LG 42LM660T 3D Smart TV Review

Time for us to take a look at another LED LCD TV from LG Electronics! This one is the 42LM660T, which features 4 HDMI inputs, a DVB-T2 (Freeview HD) tuner, built-in wireless connectivity for easy access to the company’s Smart TV portal, and, as usual for LG, fully-featured calibration controls, complete with Imaging Science Foundation (ISF) branding. In terms of extra-dimensional support, the LG LM660T features the Korean manufacturer’s passive “Cinema 3D” technology, which we’ll discuss later in the review.

LG is one of the biggest proponents of In-Plane Switching (IPS) LCD panels, and use them more or less exclusively in its LCD and LED LCD lineups. IPS panels can’t manage the deepest black levels in the LCD market (and are some way away from plasma black level standards), but they’re in the top of nearly every other category, typically producing better motion clarity, uniformity, and certainly off-angle viewing quality than competing LCD panel types. (Panasonic and Philips also use IPS extensively in their LCDs).

The LG 42LM660T sits below the LM760, LM860, and LM960 series in the brand’s LED LCD lineup. The differences seem to largely be with the panel’s motion clarity rating, although spec sheets also mention different upscaling quality being present higher up in the range. Time to put the HDTV through our extensive testing, and find out if it’s worth the asking price!

For this review, the firmware was updated to the latest version at press time: 04.01.36.

Note: Although we did not test the larger, 47-inch LG 47LM660T, our picture performance findings should still apply given similar specifications within the LM660T range.

Design

LG’s 42LM660T is stunningly designed, with the LCD screen actually being covered by a design that reminds us of the “one-sheet-of-glass” style used on some flagship plasma TVs. We say that it reminds us of this, because the front is actually not glass, but a similar-looking (albeit less reflective) plastic material. The “wow factor” is the same, however, especially with the tiny black border around the screen and silver trim around the outer edge. Letting the aesthetics down slightly is a gloss-black plastic table-top stand.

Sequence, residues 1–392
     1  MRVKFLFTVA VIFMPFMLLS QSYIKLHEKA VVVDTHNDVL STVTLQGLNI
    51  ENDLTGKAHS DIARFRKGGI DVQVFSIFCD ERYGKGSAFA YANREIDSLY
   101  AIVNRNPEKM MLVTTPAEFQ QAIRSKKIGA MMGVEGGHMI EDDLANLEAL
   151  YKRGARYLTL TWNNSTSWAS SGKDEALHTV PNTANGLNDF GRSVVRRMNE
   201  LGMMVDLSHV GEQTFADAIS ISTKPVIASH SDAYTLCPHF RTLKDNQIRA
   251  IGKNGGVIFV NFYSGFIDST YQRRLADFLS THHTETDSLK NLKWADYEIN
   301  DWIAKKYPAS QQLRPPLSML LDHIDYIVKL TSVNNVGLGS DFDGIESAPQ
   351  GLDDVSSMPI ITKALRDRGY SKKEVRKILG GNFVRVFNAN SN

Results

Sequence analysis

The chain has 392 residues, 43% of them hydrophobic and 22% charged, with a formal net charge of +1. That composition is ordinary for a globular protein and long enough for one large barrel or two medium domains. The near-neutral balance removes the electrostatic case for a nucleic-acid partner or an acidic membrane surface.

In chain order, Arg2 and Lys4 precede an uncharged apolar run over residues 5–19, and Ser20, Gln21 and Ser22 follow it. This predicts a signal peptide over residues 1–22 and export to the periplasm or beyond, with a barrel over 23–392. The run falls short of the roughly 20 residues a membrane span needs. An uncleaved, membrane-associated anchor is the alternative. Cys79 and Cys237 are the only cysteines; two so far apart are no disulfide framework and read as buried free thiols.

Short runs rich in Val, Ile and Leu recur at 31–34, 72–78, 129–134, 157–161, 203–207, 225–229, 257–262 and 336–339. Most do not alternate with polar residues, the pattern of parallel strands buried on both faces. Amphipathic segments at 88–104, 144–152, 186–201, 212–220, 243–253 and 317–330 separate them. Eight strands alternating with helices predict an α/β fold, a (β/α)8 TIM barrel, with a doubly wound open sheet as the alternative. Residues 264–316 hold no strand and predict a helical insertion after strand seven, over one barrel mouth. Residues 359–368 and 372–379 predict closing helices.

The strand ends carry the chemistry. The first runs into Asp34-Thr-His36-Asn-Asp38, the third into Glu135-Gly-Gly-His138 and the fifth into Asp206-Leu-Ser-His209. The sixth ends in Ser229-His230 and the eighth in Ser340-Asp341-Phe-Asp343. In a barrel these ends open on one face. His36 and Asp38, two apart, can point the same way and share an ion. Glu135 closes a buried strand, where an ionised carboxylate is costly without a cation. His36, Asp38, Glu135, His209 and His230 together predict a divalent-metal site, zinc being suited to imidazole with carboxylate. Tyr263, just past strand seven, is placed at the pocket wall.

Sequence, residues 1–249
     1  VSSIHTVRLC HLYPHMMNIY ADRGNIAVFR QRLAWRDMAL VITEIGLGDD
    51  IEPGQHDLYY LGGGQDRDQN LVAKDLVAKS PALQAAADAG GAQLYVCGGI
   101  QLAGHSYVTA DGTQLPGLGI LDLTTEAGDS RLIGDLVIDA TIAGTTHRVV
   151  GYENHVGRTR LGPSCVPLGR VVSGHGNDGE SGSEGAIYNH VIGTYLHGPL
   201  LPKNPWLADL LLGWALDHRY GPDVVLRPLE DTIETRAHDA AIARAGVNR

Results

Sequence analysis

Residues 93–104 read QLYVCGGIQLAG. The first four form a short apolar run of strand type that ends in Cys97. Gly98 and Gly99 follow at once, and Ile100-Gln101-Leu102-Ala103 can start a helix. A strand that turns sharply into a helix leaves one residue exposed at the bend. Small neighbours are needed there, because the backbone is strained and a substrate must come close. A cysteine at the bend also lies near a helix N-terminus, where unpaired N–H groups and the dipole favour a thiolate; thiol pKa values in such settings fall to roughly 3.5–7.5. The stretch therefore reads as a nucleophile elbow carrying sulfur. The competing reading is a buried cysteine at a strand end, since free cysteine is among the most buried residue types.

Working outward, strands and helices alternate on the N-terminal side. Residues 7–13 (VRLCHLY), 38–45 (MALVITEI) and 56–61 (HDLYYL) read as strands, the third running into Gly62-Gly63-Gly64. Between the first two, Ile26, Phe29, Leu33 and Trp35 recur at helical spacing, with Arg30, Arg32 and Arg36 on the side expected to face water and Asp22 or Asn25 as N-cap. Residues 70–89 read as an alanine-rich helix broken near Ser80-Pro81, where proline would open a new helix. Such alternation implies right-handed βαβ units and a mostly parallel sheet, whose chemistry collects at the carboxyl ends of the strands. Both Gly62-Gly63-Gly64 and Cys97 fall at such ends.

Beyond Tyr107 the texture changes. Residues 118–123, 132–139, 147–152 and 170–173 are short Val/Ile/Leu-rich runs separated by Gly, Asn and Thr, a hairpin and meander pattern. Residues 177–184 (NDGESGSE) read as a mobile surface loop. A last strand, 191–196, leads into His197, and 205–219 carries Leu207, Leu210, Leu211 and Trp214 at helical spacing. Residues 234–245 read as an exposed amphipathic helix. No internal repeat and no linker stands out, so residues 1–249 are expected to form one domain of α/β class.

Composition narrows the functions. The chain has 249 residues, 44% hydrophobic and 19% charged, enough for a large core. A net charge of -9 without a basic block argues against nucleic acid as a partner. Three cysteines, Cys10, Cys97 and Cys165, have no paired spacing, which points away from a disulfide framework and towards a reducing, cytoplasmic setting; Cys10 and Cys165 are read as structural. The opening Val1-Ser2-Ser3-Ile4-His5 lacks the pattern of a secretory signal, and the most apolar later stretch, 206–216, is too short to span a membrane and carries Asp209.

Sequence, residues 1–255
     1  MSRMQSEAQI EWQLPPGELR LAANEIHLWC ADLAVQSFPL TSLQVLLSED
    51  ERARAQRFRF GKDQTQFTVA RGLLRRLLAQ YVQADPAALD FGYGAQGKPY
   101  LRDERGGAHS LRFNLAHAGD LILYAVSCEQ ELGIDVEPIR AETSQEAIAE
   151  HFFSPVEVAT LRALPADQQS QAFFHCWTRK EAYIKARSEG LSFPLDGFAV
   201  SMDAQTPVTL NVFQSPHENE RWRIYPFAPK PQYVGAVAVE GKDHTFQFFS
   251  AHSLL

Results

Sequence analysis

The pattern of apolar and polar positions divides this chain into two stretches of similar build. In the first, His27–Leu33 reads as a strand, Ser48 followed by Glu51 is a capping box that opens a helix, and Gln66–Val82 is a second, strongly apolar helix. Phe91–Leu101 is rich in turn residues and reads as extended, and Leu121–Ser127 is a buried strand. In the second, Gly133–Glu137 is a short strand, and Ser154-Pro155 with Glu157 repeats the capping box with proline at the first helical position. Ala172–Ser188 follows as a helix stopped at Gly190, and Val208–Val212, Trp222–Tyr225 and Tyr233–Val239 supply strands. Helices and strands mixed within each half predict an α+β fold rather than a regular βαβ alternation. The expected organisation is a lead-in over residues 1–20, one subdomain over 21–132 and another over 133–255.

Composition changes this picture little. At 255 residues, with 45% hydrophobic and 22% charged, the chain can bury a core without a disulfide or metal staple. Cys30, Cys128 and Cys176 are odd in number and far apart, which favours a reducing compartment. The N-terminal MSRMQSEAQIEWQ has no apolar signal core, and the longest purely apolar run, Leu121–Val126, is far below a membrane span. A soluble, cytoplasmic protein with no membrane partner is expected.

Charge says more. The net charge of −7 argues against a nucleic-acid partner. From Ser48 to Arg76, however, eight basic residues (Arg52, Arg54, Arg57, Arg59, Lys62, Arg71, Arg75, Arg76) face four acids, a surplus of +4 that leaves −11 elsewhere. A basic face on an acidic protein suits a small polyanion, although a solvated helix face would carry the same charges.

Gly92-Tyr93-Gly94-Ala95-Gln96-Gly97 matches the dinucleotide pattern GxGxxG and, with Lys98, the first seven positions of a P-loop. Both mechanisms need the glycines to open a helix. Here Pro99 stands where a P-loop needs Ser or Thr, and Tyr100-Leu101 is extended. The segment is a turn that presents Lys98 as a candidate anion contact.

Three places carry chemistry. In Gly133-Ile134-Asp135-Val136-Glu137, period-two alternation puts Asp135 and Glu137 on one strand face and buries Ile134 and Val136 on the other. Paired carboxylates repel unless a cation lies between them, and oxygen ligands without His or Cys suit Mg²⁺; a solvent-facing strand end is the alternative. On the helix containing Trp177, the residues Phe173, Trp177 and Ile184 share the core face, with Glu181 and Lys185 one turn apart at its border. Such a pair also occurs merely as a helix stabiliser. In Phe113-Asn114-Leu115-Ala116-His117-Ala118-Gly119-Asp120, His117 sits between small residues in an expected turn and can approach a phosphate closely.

LG 42LM660T

One very minor point to mention here is that, since the border is part of the front sheet which covers the LCD panel, the two components (outer sheet and LCD panel) can be misaligned slightly. On our sample, this caused roughly half a pixel (but sometime a whole pixel)’s worth of screen to be covered on each edge, causing the white outer stripe on our overscan test chart to be partly blocked by the border. We’re certainly not about to lose sleep over half a pixel, though, and mention it for completeness.

Magic Remote

LG ships the 42LM660 with not one, but two remotes. The first is the company’s standard clicker, which is logically designed and easy to use. There’s no direct control over aspect ratio, but that turns out not to be a problem, because the Q.MENU button brings up a pallette of options (including Aspect Ratio), so it’s only one extra button press away.

The second remote is LG’s “Magic Remote”, which is probably the first genuinely useful secondary remote we’ve seen to date. Typically when we see secondary remotes (which are often just simplified versions of the main remotes with only volume and channel buttons) we find that the dust soon begins to gather, but the Magic Remote is genuinely impressive, for a few reasons. First of all, despite the fact that it only features nine buttons (counting the clickable scroll-wheel), it isn’t hobbled in terms of functionality – every useful option (and from our point of view, that of course includes the picture menus!) can be accessed through it. Secondly, it’s actually fun and very accurate to use, acting more or less like Nintendo’s Wii remote: a pointer appears on screen, allowing the user to select icons effortlessly by pointing and clicking.

We still preferred to use the traditional remote for calibration, given the precise adjustments being made (pressing a button 3 times is easier than trying to drag a slider 3 notches with your hand), but for everyday use, the Magic Remote should do the job just fine.

Connections

  • 4 HDMI inputs
  • 1 Component input
  • 1 SCART input
  • 1 Composite input
  • 1 PC “VGA” input
  • Aerial input (DVB-T2 / “Freeview HD”)
  • 3 USB inputs
Connections
Rear connections on LG 42LM660T

Operation

LG’s menus haven’t changed too much over the last few years, and that’s fine by us, since there’s nothing that needs fixing. There’s now a “HOME” button on the remote, which brings up the Apps interface, which is a neatly tiled, horizontally scrolling main menu system. A shortcut to “Settings” is listed beside “Input List” as one of the preinstalled “apps”, and clicking this brings us to the main menu we’ve known for some time. There’s still direct access to this menu with a dedicated SETTINGS button on the remote.

[Picture] menu
[Picture] menus

LG has been including ISF-approved picture modes – which offer a full range of calibration options – consistently for some time now. The 42LM660T is no different, and has the usual “ISF Expert1″ and “ISF Expert2″ modes, which can be transformed into fully configured Day and Night modes by an ISF calibrator. In addition to basic adjustments, a full range of image adjustment options is available, including not just 2-point Greyscale control, but also a 20-point option, which is the highest level of greyscale calibration precision available (and is probably more than the panel will actually need). There’s a three-axis colour management system (CMS) available, too.